The earliest ‘outsider’ artists given specific recognition, people such as Wölfli, Tschirtner, Müller, Hauser and Brendel, were patients in psychiatric clinics, their so-called ‘Art Brut’ works often being closely related to the internal resolution of their psychological problems. While this area is still an important source of ‘outsider’ art, today the ‘outsider’ artist, or as the French prefer ‘artist singulier’, can come from any one of a number of widely diverse backgrounds.
Most ‘outsider’ artists are self-taught or have had no formal art training and their approach to their art is intuitive, spontaneous and emotional rather than intellectual (despite the fact that many are highly intelligent) and they will not be influenced by or concerned with art theory past or present. Their ‘outsider’ status will frequently be evidenced by their physical isolation — from psychological and/or spritual need — and their separation from the art establishment — either because they are unknown or the latter has ignored them or rejected them and their work, or because they themselves have consciously turned their backs on it, having no need for its recognition or wishing to avoid the implicit obligations of involvement in it.
The inherently different background and philosophy of the ‘artist singulier’ from that of the conventionally accepted artist, will often be clearly evident in his or her work, which will usually be highly idiosyncratic and will reflect intensely personal preoccupations and feelings. In this sense ‘outsider’ art defines itself — one has only to look at Le Palais Idéal of the Facteur Cheval and Les Rochers Sculptes de Rotheneuf from the last century or Nek Chand’s Rock Garden of Chandigarh or the Maison de Celle qui Peint of Danielle Jacqui from our own time, to realise instinctively that one is in the presence of an intensely personal outpouring of creative genius.
There have always been ‘outsider’ artists. Some like Hieronymus Bosch, El Greco and Goya were lucky enough to find recognition in their own lifetime; others like Van Gogh would only be claimed posthumously as a favourite son of the art establishment, his real life as a tragic ‘outsider’ conveniently glossed over and sentimentalised.
Only in the latter half of the 20th century, through the writing of people such as Jean Dubuffet, Michel Thévoz, John Maizels and others, through the extraordinary publication Raw Vision, through major collections such as those of Lausanne and Chicago and through the initiative of artists such as Danielle Jacqui, in conceiving and organising events like the Roquevaire Festival d’Art Singulier, is the amazing breadth, depth and quality of this previously unrecognised sea of creativity being gradually brought to light and given recognition.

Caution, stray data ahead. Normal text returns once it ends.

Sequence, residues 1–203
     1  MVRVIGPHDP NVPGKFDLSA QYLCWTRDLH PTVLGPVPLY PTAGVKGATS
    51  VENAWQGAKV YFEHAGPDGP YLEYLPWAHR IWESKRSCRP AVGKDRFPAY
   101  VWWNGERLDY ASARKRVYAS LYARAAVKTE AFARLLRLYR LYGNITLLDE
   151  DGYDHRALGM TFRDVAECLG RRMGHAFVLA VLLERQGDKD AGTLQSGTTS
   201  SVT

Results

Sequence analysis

My involvement in the Festival d’Art Singulier - Roquevaire-Aubagne in 2000 gave me the chance to make personal contact with many outstanding ‘outsider’ artists and to find there is not one but a multitude of answers to the question “What is ‘outsider’ art?” — all sharing the common quality of deeply-felt personal creativity.
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The bibliography of ‘outsider’ art is still not nearly as extensive as for many other forms of art but I suggest you look out for any books and articles by Roger Cardinal, Michel Thévoz or John Maizels, all acknowledged world authorities on the subject. The quarterly magazine Raw Vision, published in the UK is highly recommended as a rich source of the latest information and background material concerning all forms of intuitive, visionary and ‘outsider’ art – for those with internet access the magazine’s website may be the preferred option.
Some books you may find particularly helpful are:
Raw Creation – Outsider Art and Beyond – John Maizels, Phaidon.
Mondes Imaginaires (Fantasy Worlds) - Deidi von Schwaewen & John Maizels, Taschen.
Outsider Art, Spontaneous Alternatives – Colin Rhodes, Thames & Hudson, (ISBN 0-500-20334-2).
Raw Vision Outsider Art Source Book
Outsider Art – Roger Cardinal, Studio Vista, London 1972.
Art Brut - Michel Thévoz, Skira/Academy Editions, London 1976.
For the web surfer other useful links for reference material to ‘outsider’ art in general are:-
“Outsider’ Art - Other Websites and Useful Links
It is worth exploring the web, both in Australia and world-wide, for references to artists, galleries etc and other references to ‘outsider’ art.
As a starter here are some we have discovered to date:
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© elizabeth turnbull 2013